Three Benefits to Using Linux in Business
1. It's Secure and Stable
There are two computers I run into almost daily. They contain the exact same hardware, and were fired up on the same day. They're both used about the same amount of time. One runs Windows XP, the other runs Xubuntu. Every so often I drag race, just to see if one has gotten faster than the other. Actually, it's not quite that anymore, the test now is to see how much slower the XP box has gotten since the last time I ran the race.
Two other XP boxes installed around the same time (again, with identical hardware, but that's irrelevant) have succumbed to malware. Fixing each instance was a several hour procedure, for a backup, wipe, XP reinstallation, and restoration of apps and data.
Meanwhile, this Linux box used by anyone passing by as a browser, email checker, and (it's main reason for existence) Point of Sale station, continues to chug away with nary a hiccup.
2. It's Configurable
What would life be like if you could pick and choose that applications and services that you did NOT want running on your computer? It's easy in Linux, you just shut them off. Maybe you don't understand this, but the more services your computer is running (listening services, things that are waiting to be told what to do) the more vulnerable to malware you are. Lots of unnecessary services fire up when Windows does. My favorites are the ones you shut off permanently, only to find that they start themselves up again after a reboot or an update. While Microsoft is guilty of this, printer software (from several manufacturers) also comes to mind.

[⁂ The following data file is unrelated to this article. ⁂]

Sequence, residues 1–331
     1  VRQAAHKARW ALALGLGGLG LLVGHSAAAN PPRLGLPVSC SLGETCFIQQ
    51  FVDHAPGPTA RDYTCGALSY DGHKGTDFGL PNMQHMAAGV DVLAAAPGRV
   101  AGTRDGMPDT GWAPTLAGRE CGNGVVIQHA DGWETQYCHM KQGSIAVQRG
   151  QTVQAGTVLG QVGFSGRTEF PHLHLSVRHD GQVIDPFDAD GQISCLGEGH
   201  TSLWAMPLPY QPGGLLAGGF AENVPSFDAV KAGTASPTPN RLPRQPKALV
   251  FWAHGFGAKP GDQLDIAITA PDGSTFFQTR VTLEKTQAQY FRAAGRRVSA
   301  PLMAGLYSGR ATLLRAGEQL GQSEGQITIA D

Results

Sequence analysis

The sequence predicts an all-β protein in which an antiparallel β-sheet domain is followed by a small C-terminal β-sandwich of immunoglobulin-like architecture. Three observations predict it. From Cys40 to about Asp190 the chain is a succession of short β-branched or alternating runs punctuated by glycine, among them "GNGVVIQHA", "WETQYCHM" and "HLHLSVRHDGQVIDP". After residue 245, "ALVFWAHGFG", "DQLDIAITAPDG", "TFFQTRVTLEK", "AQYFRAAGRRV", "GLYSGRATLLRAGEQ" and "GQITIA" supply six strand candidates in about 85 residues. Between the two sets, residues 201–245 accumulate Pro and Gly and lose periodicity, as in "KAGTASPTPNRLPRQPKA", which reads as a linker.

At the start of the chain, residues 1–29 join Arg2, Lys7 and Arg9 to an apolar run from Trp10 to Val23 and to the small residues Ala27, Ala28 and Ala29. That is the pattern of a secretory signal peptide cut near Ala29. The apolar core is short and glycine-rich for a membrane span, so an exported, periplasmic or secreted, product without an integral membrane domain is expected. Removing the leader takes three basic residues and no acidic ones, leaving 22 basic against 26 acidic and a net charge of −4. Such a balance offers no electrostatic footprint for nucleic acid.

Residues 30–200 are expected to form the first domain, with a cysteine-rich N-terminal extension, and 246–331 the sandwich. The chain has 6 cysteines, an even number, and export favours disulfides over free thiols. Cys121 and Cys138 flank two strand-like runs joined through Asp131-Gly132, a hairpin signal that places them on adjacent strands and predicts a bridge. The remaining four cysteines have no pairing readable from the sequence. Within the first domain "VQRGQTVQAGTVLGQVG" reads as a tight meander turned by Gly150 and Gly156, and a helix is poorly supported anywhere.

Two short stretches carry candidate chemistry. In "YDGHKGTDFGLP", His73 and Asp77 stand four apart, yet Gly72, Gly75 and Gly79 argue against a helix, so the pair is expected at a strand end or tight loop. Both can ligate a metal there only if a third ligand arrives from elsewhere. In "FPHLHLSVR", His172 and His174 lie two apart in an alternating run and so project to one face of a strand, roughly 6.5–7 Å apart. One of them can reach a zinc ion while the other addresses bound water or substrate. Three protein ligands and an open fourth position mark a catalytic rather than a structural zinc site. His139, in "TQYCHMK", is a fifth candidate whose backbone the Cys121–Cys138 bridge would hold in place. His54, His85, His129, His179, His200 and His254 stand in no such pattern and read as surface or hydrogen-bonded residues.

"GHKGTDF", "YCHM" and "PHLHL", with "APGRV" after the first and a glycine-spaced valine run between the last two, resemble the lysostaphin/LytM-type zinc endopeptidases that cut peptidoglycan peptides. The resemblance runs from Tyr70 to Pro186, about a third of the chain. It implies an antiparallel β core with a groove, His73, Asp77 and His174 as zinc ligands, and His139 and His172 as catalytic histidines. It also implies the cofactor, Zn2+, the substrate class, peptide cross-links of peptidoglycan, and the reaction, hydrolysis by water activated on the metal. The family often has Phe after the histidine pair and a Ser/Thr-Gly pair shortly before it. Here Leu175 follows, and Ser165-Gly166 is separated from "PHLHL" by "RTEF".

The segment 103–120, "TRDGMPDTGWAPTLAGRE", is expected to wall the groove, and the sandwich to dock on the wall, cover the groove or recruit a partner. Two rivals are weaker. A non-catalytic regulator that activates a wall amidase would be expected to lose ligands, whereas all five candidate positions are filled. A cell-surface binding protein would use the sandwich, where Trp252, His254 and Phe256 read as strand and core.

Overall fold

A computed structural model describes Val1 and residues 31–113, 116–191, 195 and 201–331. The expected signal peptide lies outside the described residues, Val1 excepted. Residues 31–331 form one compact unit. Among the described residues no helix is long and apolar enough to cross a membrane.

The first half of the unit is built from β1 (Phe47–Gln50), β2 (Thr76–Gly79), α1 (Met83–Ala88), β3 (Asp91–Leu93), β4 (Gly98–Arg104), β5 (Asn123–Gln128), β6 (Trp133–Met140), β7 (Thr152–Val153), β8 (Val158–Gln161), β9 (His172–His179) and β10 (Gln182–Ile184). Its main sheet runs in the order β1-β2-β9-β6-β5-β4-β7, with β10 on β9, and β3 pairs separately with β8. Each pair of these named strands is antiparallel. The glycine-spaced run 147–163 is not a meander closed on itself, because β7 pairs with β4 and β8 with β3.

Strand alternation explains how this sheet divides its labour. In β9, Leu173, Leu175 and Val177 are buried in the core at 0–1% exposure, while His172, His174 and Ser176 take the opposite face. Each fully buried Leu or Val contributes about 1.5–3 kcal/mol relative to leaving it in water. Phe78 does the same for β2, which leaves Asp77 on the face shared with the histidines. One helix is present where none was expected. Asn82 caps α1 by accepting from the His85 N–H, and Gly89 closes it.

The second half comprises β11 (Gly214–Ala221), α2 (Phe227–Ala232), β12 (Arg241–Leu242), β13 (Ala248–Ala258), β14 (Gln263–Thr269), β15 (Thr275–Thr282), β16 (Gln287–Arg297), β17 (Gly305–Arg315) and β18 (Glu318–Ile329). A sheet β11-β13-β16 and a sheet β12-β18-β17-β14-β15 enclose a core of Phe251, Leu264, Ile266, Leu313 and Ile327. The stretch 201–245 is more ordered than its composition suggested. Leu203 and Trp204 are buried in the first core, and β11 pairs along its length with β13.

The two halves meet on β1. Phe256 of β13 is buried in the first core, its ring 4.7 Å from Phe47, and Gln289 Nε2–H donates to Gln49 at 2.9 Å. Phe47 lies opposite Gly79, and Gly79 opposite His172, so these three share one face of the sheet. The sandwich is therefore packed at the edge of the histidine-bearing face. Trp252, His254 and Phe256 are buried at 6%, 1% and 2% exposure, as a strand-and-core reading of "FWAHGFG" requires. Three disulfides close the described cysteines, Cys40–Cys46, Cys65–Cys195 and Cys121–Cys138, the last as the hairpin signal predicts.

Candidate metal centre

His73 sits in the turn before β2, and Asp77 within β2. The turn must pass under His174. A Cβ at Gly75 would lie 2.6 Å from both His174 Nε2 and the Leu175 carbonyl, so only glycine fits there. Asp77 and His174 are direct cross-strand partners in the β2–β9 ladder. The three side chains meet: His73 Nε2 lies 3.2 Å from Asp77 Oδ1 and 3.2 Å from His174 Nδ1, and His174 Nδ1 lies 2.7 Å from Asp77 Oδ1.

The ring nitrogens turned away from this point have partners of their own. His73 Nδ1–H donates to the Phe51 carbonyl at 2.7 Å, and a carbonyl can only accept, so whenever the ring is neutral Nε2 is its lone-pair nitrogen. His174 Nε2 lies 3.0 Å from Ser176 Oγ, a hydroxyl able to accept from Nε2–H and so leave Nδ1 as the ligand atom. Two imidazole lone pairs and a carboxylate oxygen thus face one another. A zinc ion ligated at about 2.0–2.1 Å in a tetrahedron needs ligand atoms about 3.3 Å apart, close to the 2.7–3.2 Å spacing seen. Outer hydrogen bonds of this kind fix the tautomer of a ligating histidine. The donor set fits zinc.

One of the problems I run into is that of applications requiring super privileges to run. You must install and run them as an administrator in Windows. This means that any employee needing to use such an application will ALSO need to be running as an admin. Doing everything, like browsing the web and checking email, as an admin. This is dangerous.
3. It's Less Expensive
Most Linux flavors are free. They come with software repositories that are full of free applications as well. There are also websites full of other free and open source software (like sourceforge and freshmeat) that you can go to if you need highly specialized app that might not be located your Linux distribution's repositories. The thing is that they're there, and they're free. And running Linux on one of your business computers means you won't have to go buy some overpriced security suite…
But wait, you say, what about Linux distributions like Red Hat or Suse? Those have price tags, indeed. However, is a Red Hat license more or less than a Windows one? Can you call Microsoft if you have a problem, or do you need to speak with your computer's manufacturer and speak with someone whose primary language is almost certainly not yours?